9.11: Packing DNA into a cell
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An important part of our approach to biology is to think concretely about the molecules we are considering. Nowhere is this more important than with DNA. DNA molecules are very long and cells, even the largest cells, are (generally)small. For example, a typical bacterium is roughly cylindrical and around 2μm in length and about 1μm in circumference. Based on the structure of DNA, each base pair is about 0.34 nm in length. A kilobase (that is, 103 base pairs) of DNA is therefore about 0.34 μm in length. A bacterium, like E. coli, has ~ 3 x 106 base pairs of DNA – that is a DNA molecule almost a millimeter in length, or about 500 times the length of the cell in which it finds itself. That implies that at the very least the DNA has to be folded back on itself at least 250 times. A human cell has ~6000 times more DNA, that is a total length of greater than 2 meters (per cell), and this lenght of DNA has to fit into a nucleus that is ~10 μm in diameter. In both cases, the DNA has to be folded and packaged in ways that allow it to fit and yet still be accessible to the various proteins involved in the regulation of gene expression and the replication of DNA. To accomplish this, the DNA molecule is associated with specific proteins; the resulting DNA:protein complex is known as chromatin.
The study of how DNA is regulated is the general topic of epigenetics (on top of genetics), while genetics refers to the genetic information itself, the sequence of DNA molecules. If you consider a particular gene (based on our previous discussions) you will realize that to be expressed, transcription factor proteins must be able to find (by diffusion) and bind to specific regions (defined by their sequences) of the DNA in the gene’s regulatory region(s). But the way the DNA is organized into chromatin, particularly in eukaryotic cells, can dramatically influence the ability of transcription factors to interact with and bind to their regulatory sequences. For example, if a gene’s regulatory regions are inaccessible to protein binding because of the structure of the chromatin, the gene will be “off” (unexpressed) even if the transcription factors that would normally turn it on are present and active. As with essentially all biological systems, the interactions between DNA and various proteins can be regulated.
Different types of cells can often have their DNA organized differently through the differential expression and activity of genes involved in opening up (making accessible) or closing down (making inaccessible) regions of DNA. Accessible, transcriptionally active regions of DNA are known as euchromatin while DNA packaged so that the DNA is inaccessible is known as heterochromatin. A particularly dramatic example of this process occurs in female mammals. The X chromosome contains ~1100 genes that play important roles in both males and females278. But the level of gene expression is (generally) influenced by the number of copies of a particular gene. While various mechanisms can compensate for differences in gene copy number, this is not always the case. For example, there are genes in which the mutational inactivation of one of the two copies leads to a distinct phenotype, a situation known as haploinsufficiency. This raises issues for genes located on the X chromosome, since XX organisms have two copies of these genes, while XY organisms have only one279. While one could imagine a mechanism that increased expression of genes on the male’s single X chromosome, the actual mechanism used is to inhibit expression of genes on one of the female’s two X chromosomes. In each XX cell, one of the two X chromosomes is packed into a heterochromatic state, more or less permanently. It is known as a Barr body. The decision as to which X chromosome is packed away (“inactivated”) is made in the early embryo and appears to be stochastic - that means that it is equally likely that in any particular cell, either the X chromosome inherited from the mother or the X chromosome inherited from the father may be inactivated (made heterochromatic). Importantly, once made this choice is inherited, the offspring of a cell will maintain the active/inactivated states of the X chromosomes of its parental cell. Once the inactivation event occurs it is inherited vertically280. The result is that XX females are epigenetic mosaics, they are made of clones of cells in which either one or the other of their X chromosomes have been inactivated. Many epigenetic events can persist through DNA replication and cell division, so these states can be inherited through the soma. A question remains whether epigenetic states can be transmitted through meiosis and into the next generation281. Typically most epigenetic information is reset during the process of embryonic development.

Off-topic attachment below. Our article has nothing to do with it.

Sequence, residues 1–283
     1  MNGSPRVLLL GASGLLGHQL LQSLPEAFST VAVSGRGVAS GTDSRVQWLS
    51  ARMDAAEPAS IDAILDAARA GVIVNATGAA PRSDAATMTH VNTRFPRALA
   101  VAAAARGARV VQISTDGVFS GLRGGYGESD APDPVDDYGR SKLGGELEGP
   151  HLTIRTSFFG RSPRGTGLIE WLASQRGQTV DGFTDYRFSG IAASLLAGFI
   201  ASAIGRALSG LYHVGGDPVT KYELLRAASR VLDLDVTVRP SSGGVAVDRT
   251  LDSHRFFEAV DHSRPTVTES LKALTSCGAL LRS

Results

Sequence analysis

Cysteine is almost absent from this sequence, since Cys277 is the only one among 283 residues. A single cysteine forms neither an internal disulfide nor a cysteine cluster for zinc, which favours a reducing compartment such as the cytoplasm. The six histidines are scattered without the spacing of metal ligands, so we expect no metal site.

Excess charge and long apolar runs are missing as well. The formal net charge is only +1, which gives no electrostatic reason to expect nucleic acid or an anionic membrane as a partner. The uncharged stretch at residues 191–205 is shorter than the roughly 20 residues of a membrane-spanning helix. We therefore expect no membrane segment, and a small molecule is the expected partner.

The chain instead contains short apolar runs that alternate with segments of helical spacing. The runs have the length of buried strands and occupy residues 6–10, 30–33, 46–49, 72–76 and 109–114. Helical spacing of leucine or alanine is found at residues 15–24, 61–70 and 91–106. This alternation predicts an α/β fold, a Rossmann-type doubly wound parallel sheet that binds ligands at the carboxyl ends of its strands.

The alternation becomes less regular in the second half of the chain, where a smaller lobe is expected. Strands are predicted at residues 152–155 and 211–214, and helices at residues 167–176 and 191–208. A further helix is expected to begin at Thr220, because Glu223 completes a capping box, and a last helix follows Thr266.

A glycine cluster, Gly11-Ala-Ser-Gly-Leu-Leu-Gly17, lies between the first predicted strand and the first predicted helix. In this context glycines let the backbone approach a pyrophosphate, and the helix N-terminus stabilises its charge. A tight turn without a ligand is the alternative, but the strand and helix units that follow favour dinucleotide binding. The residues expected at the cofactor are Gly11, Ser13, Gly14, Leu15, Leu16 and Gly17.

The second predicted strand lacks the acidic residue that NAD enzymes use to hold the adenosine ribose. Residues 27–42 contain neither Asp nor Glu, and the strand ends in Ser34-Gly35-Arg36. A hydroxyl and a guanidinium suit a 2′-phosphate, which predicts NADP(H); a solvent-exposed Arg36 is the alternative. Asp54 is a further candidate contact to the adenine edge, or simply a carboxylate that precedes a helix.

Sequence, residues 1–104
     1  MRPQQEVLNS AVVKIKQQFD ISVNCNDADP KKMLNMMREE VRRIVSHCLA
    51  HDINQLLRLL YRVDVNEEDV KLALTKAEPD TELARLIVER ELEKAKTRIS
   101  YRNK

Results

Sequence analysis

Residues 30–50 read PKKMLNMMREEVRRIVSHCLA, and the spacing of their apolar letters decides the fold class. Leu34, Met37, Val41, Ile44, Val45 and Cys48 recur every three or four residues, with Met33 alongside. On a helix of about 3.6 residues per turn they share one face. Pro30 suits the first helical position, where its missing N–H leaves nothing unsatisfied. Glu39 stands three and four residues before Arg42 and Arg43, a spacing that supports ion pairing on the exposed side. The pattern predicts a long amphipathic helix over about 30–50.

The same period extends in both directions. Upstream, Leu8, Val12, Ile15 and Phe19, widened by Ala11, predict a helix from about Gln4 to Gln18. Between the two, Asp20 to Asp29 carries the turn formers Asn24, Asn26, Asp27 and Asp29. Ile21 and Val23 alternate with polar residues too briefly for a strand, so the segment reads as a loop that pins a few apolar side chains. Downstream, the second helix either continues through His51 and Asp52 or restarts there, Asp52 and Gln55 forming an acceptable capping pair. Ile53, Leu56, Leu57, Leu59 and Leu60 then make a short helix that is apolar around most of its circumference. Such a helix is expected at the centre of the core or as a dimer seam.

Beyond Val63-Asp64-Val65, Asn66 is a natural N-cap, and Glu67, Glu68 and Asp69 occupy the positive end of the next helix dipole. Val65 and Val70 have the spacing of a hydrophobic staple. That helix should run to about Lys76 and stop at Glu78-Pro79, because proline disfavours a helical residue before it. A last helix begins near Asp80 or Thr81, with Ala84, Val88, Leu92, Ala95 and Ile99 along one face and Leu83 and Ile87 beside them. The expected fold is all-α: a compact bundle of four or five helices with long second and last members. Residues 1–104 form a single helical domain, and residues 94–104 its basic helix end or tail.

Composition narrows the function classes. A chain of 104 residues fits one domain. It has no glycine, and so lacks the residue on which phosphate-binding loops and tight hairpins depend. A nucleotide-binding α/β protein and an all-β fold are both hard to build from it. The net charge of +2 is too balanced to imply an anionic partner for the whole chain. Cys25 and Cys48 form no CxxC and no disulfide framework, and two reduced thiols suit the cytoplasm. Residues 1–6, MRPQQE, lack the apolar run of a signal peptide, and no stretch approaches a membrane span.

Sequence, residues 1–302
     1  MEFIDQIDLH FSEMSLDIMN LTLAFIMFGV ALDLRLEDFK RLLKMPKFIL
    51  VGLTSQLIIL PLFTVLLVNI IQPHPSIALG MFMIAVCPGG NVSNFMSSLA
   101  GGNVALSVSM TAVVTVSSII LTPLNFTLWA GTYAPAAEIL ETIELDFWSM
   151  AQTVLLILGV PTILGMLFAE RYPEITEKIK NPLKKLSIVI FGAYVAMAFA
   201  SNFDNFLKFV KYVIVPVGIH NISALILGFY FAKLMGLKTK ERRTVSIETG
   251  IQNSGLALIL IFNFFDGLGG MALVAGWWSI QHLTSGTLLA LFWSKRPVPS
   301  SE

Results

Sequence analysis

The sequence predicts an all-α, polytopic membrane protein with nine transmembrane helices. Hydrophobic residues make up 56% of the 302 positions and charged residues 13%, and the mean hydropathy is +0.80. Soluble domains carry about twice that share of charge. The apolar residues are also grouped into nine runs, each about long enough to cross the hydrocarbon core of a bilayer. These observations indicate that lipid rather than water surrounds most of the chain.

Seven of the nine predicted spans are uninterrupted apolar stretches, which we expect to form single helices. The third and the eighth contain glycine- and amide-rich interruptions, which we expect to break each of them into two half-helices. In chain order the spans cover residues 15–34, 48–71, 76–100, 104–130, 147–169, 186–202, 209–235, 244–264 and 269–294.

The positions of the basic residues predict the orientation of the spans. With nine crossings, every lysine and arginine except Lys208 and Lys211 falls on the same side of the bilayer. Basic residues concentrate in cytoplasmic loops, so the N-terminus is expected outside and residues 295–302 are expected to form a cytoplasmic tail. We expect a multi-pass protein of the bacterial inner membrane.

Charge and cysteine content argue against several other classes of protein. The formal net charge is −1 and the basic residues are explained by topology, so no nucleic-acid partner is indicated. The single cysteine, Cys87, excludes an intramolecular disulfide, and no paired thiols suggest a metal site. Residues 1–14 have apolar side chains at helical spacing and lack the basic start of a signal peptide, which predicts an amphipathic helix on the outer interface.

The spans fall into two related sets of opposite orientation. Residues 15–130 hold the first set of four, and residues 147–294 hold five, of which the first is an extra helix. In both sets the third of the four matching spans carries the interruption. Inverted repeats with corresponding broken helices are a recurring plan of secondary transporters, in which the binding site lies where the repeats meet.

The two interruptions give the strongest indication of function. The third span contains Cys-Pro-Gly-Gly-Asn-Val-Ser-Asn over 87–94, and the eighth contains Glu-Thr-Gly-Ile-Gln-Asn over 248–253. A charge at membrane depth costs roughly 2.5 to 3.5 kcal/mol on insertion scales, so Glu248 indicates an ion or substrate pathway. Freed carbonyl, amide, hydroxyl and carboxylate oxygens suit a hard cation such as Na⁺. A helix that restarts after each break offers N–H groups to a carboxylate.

Contributors and Attributions
Michael W. Klymkowsky (University of Colorado Boulder) and Melanie M. Cooper (Michigan State University) with significant contributions by Emina Begovic & some editorial assistance of Rebecca Klymkowsky.